Trend 6:  Meetings being held tend to have a serious training component

The vast majority of meetings being held today are serious training sessions.  Except for the pharmaceutical industry, very few companies are holding new product introduction or launch sessions. Incentive and weekend meetings have dipped also.  

The focus of meetings today is on effective training environments -- to maximize use of time and the overall meeting investment.

Trend 7:  Teambuilding remains popular 

Even in a slower economy, companies remain willing to invest in creative teambuilding programs.  Demands are for increased innovation in these programs beyond the traditional high & low rope courses of the past.  

Unique culinary teambuilding programs, food & wine tasting sessions, and spa-related events such as reflexology sessions are popular today.  

Trend 8: Technology demands increase

Demand for use of T-1 lines and Internet access remains strong.  LCD projectors are essentially standard today and demand for LAN lines to link laptops of all attending participants is increasing.  A data port in each meeting room and guestroom is standard today.  Many guests, especially from the high-tech industry, are looking for high-speed Internet connections as well.  

PowerPoint presentations remain commonplace in most meetings.  Interesting, low-tech flip charts also remain a very popular tool.

Trend 9:  Internet bookings rise

The use of the Internet to review meeting venues and to actually book meetings continues to increase each year, with some properties booking 2-3 meetings per month via the Internet.  Email usage for requesting and delivering contracts is steadily increasing as well.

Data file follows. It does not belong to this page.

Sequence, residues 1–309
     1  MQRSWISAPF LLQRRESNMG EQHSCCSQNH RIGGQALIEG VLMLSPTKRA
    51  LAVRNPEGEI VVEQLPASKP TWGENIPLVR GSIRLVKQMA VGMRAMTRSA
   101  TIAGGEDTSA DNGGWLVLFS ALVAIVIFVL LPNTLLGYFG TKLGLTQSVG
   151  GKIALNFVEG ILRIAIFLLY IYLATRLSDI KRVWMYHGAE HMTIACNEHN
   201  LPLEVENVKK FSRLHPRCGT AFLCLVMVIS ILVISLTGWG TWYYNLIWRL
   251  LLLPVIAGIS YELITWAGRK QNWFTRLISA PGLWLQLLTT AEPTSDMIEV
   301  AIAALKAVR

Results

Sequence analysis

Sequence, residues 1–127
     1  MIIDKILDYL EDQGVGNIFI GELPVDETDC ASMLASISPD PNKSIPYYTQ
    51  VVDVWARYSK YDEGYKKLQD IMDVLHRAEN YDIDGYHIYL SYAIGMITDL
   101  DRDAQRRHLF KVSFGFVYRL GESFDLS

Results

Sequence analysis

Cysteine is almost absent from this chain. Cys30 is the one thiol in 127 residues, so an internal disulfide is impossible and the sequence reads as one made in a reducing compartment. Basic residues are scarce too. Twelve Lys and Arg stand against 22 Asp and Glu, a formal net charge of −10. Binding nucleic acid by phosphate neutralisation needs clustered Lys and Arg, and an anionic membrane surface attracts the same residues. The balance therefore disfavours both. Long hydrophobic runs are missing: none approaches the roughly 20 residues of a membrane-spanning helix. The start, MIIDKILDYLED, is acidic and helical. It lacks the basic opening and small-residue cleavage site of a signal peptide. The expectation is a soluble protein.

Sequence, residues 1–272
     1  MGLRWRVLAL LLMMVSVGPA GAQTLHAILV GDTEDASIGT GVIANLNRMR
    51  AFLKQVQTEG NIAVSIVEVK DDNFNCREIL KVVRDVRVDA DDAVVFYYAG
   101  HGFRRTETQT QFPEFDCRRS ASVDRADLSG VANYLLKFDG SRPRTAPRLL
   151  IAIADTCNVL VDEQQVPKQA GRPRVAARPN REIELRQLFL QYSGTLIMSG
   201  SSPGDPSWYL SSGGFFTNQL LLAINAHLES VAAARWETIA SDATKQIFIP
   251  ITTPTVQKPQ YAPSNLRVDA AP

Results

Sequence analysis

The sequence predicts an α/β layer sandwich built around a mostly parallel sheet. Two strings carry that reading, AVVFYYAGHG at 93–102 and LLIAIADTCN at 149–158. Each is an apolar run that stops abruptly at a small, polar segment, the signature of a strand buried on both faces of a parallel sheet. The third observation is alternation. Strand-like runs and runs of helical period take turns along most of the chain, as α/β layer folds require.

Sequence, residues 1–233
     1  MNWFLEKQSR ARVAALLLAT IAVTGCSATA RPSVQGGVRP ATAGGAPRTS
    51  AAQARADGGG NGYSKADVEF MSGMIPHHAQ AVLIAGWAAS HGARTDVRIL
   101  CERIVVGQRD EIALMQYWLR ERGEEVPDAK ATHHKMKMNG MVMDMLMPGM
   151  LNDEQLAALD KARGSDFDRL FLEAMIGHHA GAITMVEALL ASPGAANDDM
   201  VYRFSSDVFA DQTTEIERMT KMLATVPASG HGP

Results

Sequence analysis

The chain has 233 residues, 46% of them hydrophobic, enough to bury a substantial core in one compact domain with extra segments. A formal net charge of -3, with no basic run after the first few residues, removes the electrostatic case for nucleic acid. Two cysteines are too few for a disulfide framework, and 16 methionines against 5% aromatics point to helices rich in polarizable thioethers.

Trend 10:  Significant cut back in food & beverage events

Consistent with decreasing meeting budgets and increasing scrutiny of expenses, there has been a significant cutback in private and themed dinners and private dining events.   More than ever before, companies are requiring their conferees to make use of the meal components of the Complete Meeting Package.  If a meal is taken off site, properties are being required to provide a meal credit to the Complete Meeting Package for that day.

Benchmark Hospitality, an international hospitality management company based in The Woodlands, Texas, operates luxury resorts, hotels, and conference centers throughout the United States, in Canada, and Japan. 

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Contact:

Ken Ellens
Ken Ellens Communications
(201) 840-8036
KenEllens@aol.com
www.benchmarkhospitality.com

Also See Businesses Turn to Videoconferencing, Webcasts; Ripple Effects Cascade Down to Hotels / Sept 2001 
Benchmark Hospitality Responds with Free Videoconferencing; Addresses Travel Restrictions and Meeting Budget Reductions / October 2001 
Laurence Geller's Provocative Outlook on the Hotel Industry - Strategic Hotel Capital CEO's Speech at New York University's Eighth Annual Stephen W. Brener Distinguished Lecturer Series / December 2001